Michigan Voters Mull Constitutional Gas-Tax Proposal
Indiana considers future revenue sources, including fuel
LANSING, Mich. -- Voters in Michigan are deciding on a constitutional amendment this week that could trigger an approximately 10-cent-per-gallon (CPG) increase in the gasoline tax to raise money for infrastructure.
Proposal 1, which was put on the ballot after agreement late last year by the state legislature and Governor Rick Snyder (R), has two parts, said the Detroit Free Press, addressing both the sales and excise taxes on motor fuels. First, it would eliminate the sales/use tax on gasoline and diesel, while raising the sales/use tax on other goods by 1 percentage point from 6% to 7%.
The elimination of the sales tax for fuel is notable because the Michigan Constitution currently allows revenues from sales taxes to be used for purposes other than construction. The result is that some of the money generated by the fuel sales tax has been diverted from infrastructure repairs.
Next, the proposal would trigger additional laws, including the replacement of the current 19-CPG tax on gasoline and 15-CPG tax on diesel with a percentage-based fuel tax tied to inflation. The state has not increased its fuel tax since 1997, and it has not kept pace with growing infrastructure costs.
Beginning on Oct. 1, 2015, the new tax would be calculated by multiplying the average wholesale fuel price by 14.9%. The new tax would have a floor of 41.7 CPG, and grow by 5 CPG or by the rate of inflation, whichever ends up being less. If Proposal 1 passes, retail fuel prices are expected to rise between 7 and 9 CPG, based on current wholesale prices.
Proposal 1 would raise $1.3 billion for state transportation projects in fiscal year 2018 and each year thereafter, once the state addresses debt payments in 2016 and 2017; however, a recent survey by the Free Press shows only 29% of Michiganders plan to vote “yes” for Proposal 1, with 10% undecided.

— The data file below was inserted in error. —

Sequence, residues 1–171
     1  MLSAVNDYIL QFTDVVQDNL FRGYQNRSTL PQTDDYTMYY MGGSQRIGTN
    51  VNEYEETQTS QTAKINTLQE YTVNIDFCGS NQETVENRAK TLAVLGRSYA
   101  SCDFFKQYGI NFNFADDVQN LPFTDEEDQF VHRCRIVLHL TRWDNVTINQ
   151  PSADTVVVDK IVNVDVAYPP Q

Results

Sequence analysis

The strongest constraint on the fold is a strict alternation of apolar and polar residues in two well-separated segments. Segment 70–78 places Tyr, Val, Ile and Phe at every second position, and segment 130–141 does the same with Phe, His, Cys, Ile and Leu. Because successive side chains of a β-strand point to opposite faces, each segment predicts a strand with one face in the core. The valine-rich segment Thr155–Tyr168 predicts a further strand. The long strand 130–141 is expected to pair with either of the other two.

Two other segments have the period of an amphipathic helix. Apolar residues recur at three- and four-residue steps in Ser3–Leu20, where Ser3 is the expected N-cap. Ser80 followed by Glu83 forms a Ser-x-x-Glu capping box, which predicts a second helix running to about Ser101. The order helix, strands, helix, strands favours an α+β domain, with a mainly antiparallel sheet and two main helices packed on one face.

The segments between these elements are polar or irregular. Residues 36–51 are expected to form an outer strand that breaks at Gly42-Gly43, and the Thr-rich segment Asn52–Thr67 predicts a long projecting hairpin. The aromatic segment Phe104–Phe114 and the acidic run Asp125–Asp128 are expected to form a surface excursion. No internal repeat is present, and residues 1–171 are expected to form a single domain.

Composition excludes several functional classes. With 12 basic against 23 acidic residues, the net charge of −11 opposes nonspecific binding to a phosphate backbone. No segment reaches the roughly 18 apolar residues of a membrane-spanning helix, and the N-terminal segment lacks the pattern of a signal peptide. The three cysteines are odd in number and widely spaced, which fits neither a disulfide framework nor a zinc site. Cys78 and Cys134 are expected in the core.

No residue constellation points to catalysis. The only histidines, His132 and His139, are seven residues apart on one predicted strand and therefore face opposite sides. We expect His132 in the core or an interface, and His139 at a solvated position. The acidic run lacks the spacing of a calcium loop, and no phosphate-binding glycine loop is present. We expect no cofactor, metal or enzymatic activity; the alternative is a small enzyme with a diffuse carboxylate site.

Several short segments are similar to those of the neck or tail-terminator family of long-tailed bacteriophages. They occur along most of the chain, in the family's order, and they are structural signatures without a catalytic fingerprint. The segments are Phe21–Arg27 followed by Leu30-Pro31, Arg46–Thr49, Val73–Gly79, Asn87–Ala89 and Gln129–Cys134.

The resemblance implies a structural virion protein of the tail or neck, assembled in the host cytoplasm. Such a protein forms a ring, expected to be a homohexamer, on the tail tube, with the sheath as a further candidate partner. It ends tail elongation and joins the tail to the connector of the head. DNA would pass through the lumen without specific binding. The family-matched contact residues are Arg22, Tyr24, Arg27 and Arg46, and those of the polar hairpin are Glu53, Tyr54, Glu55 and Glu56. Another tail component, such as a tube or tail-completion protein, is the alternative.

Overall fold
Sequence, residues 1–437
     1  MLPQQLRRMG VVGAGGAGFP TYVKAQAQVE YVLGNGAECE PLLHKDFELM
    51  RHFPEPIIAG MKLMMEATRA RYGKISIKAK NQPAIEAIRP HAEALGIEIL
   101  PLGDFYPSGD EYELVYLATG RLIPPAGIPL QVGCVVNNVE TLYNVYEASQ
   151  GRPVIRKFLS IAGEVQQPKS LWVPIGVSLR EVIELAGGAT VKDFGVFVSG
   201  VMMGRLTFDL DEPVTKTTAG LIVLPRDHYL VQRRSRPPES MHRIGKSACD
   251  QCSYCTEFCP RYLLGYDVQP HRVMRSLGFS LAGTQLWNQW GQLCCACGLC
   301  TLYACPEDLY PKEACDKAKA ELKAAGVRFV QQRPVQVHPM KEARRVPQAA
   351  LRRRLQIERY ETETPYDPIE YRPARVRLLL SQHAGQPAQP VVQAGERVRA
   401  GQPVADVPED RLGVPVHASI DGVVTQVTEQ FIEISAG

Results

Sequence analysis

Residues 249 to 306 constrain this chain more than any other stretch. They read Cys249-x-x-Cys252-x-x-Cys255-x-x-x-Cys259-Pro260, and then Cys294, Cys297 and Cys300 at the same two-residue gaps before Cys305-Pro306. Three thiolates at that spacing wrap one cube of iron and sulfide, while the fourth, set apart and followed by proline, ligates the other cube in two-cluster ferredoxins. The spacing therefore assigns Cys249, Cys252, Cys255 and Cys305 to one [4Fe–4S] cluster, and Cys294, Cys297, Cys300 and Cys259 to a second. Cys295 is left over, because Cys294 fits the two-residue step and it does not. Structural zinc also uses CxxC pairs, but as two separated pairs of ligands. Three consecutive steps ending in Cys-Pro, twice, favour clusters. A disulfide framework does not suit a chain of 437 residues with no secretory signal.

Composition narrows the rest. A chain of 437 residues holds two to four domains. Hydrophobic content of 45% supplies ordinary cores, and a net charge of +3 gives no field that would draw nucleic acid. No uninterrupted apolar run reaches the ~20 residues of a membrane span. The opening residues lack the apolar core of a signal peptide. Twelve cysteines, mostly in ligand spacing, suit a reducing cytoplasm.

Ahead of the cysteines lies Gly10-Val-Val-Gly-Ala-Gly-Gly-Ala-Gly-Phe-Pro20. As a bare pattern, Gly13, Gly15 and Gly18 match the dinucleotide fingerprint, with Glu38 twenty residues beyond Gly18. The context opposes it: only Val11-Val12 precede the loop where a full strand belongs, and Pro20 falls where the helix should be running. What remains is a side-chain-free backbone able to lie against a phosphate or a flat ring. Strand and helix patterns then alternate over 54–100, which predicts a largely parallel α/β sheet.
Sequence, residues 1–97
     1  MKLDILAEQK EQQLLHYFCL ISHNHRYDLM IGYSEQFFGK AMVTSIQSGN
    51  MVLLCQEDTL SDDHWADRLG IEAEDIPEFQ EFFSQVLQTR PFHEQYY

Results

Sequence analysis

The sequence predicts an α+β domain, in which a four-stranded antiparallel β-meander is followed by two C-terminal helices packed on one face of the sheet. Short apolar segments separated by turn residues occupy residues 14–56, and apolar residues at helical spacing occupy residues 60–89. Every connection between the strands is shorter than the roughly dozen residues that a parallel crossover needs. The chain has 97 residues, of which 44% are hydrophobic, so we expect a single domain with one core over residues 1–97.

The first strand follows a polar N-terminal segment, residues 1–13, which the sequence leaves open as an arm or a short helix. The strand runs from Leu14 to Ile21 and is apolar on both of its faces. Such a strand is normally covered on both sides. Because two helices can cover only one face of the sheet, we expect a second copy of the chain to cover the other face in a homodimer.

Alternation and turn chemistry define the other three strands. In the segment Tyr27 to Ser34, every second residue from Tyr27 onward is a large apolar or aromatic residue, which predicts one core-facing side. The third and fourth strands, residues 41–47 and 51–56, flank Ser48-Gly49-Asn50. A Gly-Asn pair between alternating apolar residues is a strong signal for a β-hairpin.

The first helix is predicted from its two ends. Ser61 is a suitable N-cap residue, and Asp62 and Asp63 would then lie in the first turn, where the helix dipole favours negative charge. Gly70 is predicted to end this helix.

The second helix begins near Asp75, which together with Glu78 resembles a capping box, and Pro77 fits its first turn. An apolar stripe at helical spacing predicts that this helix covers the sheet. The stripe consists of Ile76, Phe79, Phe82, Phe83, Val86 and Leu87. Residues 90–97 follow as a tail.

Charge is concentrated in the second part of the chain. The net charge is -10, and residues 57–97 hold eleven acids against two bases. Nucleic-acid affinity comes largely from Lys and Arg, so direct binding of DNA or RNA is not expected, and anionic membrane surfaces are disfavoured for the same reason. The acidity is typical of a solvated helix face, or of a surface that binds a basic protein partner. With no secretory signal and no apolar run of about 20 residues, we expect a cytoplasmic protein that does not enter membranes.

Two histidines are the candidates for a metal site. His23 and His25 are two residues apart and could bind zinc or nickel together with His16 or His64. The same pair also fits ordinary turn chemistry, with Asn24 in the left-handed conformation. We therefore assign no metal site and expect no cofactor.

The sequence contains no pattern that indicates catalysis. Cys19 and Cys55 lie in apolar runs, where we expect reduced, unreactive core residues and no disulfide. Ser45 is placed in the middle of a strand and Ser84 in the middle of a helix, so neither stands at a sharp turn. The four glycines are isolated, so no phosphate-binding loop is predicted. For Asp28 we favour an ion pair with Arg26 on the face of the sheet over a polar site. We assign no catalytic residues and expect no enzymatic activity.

If it is not approved, some expect the legislature to work toward consensus on a simple increase of the state gas tax and vehicle registration fees, without changing the sales tax.
Meanwhile, in Indiana, legislators in both parties are trying to address how to raise more money for infrastructure repair, according to report by The Journal Gazette. The state gas tax has sat at 18 CPG since 2003, and it is expected to generate less money as vehicle fuel efficiency increases.
“Something that is overlooked is Indiana’s infrastructure is crumbling—almost to the point of becoming a crisis,” House Democrat Leader Scott Pelath told the newspaper. “We cannot grow unless we have the circulatory system that allows businesses to move and remain here.”
Sen. Luke Kenley (R) said the next budget session for 2017 would focus on road infrastructure.
“And that means we also have to face the actual problem of if we’re going to do more, where are we going to get the money?” he said. “We’re going to have to talk about who pays what, in what form to support this. That’s going to be a tough discussion.”
Some ideas include raising the gas tax and tying it to inflation; the latter could generate an additional $120 million to $200 million annually, said the report, citing officials at the Indiana Department of Transportation.
Other suggestions include increasing license plate fees or introducing a vehicle miles traveled (VMT)-style tax.